“As per the European Council (Article 50) decision on 22 March, the period provided for in Article 50(3) is extended to 12 April.
“It will be for the UK to indicate the way forward before that date, for consideration by the European Council.
“A ‘no-deal’ scenario on 12 April is now a likely scenario. The EU has been preparing for this since December 2017 and is now fully prepared for a ‘no-deal’ scenario at midnight on 12 April. The EU will remain united.
“The benefits of the Withdrawal Agreement, including a transition period, will in no circumstances be replicated in a ‘no-deal’ scenario. Sectoral mini-deals are not an option.”
European Commission secretary general Martin Selmayr – right-hand man to president Jean-Claude Juncker – reacted to the news…
Meanwhile, cheers went out around Parliament after controversial campaigner Tommy Robinson announced to a large crowd that the Government’s Withdrawal Agreement had been defeated for a third time.
Robinson, whose real name is Stephen Yaxley-Lennon, arrived to the rally on Parliament Street for a number of speeches.
He began: “So Theresa May has lost her vote. Many people will be asking what does that even mean.
“It means we were betrayed. Today is supposed to be our Independence Day.”
The crowd were then shown a documentary made by Robinson on a 50-foot screen.
He said of his documentary: “Panodrama proves everything, every single one of you already know: propaganda, slander, collusion, demonisation against every single one of us.”
The rally will hear more speeches later in the day, from Tommy Robinson himself, colliding with the Leave means Leave event at Parliament Square.
Lib Dem leader Sir Vince Cable suggested Monday’s indicative votes could give a majority for a “customs union or a confirmatory vote” compatible with the Withdrawal Agreement.
He said: “If that’s the case, is the Prime Minister open to listening to the view of the House and considering how we might have a longer extension to explore them?”
Independent Group leader Heidi Allen (South Cambridgeshire) said “this deal is over” and “we must have a People’s Vote now”.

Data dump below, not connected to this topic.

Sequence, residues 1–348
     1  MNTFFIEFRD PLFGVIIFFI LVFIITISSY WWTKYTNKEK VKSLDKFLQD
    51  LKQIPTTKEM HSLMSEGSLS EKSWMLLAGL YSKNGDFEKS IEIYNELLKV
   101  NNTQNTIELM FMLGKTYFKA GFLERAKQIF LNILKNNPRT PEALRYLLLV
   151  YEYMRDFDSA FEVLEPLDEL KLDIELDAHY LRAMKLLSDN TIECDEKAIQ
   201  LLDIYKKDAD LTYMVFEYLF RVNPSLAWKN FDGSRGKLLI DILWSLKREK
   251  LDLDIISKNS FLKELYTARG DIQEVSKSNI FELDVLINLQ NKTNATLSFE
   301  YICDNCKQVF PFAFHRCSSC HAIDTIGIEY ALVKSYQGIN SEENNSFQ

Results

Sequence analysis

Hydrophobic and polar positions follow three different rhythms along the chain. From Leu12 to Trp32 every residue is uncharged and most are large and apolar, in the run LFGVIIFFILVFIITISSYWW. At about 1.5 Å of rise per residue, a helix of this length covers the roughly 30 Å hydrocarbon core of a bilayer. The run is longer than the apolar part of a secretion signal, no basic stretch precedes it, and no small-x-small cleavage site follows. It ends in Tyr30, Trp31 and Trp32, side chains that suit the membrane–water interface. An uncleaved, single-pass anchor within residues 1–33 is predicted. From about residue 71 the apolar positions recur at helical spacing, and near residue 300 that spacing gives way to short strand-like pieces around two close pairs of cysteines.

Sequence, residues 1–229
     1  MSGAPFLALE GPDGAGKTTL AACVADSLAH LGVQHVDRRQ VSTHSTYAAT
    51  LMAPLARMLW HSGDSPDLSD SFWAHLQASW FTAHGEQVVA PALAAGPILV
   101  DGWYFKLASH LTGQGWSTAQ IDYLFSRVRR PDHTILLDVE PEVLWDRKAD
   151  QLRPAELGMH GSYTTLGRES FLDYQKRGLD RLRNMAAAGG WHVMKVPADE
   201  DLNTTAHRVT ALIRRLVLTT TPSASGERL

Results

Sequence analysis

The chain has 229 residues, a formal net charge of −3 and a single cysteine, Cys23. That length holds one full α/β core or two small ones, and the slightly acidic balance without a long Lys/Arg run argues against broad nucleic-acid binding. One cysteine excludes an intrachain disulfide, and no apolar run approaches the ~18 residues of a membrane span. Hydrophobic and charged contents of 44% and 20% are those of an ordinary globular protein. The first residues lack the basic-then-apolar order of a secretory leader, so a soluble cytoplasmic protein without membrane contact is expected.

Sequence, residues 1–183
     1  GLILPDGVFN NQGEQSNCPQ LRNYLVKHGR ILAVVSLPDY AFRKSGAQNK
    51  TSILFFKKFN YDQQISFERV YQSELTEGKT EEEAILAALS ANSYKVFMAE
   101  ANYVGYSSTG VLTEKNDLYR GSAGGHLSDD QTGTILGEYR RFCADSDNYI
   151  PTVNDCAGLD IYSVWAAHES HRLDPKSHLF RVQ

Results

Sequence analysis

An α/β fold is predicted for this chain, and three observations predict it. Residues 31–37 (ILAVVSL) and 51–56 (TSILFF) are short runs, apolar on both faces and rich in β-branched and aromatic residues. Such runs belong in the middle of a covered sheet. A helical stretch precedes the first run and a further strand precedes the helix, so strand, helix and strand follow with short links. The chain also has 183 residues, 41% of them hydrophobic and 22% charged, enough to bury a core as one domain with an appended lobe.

Green MP Caroline Lucas (Brighton Pavilion) said it was “grotesque” the Prime Minister had been “willing to sell out the country’s future for the price of some Tory MP careers”.
DUP deputy leader Nigel Dodds said: “The Democratic Unionist Party has consistently and repeatedly indicated that we could not support the Withdrawal Agreement because of the construction of the backstop.
“We have reached this view from a principled position as we do not believe the Withdrawal Agreement is the best way forward for the United Kingdom.”
He added that “good progress” had been made in talks with the Government on domestic legislation to ensure the “economic integrity” of the UK but “sufficient progress has not been made”.
The DUP has encouraged the Government to return to Brussels to deal with the backstop issue.
“We deeply regret the numerous missed opportunities by those who negotiated on behalf of the UK to listen to our warnings about the dangers of the backstop and to take steps to remedy those deficiencies.
“Over the coming weeks and months, we will continue to play a central role to chart a route that respects the democratic desire to leave the European Union but that does so in a way that strengthens our United Kingdom.”
The division showed there were 277 Tories who voted for the Withdrawal Agreement motion along with five Labour MPs and four Independents.
It added 34 Conservative MPs voted against, along with 234 Labour, 34 SNP, 11 Liberal Democrats, 10 DUP, four Plaid Cymru, Green Party MP Caroline Lucas and 16 Independents.
And further reaction:
Mayor of London Sadiq Khan tweeted: “Theresa May’s #Brexit deal was a bad deal for jobs, our economy and for communities in London. Her deal is now dead. The PM must now do the right thing – immediately revoke Article 50 and give the British public the final say on Brexit. #BrexitDay”